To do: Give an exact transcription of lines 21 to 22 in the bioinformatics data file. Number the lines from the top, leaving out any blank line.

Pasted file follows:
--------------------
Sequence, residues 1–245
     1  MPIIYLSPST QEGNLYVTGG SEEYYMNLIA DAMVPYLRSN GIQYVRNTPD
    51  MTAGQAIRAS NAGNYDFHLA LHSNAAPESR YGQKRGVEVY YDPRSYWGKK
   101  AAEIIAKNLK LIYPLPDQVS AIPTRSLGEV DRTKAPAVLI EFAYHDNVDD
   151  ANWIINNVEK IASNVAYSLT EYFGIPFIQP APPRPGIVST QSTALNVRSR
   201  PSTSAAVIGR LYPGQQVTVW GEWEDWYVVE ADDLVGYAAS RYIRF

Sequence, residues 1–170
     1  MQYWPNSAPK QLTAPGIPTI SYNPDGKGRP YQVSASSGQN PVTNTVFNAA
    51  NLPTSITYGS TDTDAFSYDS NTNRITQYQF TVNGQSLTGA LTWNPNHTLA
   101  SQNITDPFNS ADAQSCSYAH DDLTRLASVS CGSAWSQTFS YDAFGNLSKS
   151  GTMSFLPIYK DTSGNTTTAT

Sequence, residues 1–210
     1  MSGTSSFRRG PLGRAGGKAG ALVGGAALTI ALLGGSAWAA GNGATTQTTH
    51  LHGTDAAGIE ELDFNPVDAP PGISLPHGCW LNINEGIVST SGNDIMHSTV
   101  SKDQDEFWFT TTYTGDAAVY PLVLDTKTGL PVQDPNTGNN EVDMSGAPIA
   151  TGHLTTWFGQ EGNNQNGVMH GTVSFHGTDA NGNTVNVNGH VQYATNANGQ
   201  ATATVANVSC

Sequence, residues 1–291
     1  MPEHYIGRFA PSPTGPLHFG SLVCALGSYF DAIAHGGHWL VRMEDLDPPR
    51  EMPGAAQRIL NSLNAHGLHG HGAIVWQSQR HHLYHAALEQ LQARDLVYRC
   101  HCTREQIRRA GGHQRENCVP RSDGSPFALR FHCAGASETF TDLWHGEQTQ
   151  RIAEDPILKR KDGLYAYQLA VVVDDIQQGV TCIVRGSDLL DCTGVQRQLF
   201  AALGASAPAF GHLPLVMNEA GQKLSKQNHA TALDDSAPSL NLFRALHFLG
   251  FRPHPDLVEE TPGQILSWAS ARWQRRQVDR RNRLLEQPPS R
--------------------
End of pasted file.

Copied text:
   101  HCTREQIRRA GGHQRENCVP RSDGSPFALR FHCAGASETF TDLWHGEQTQ
   151  RIAEDPILKR KDGLYAYQLA VVVDDIQQGV TCIVRGSDLL DCTGVQRQLF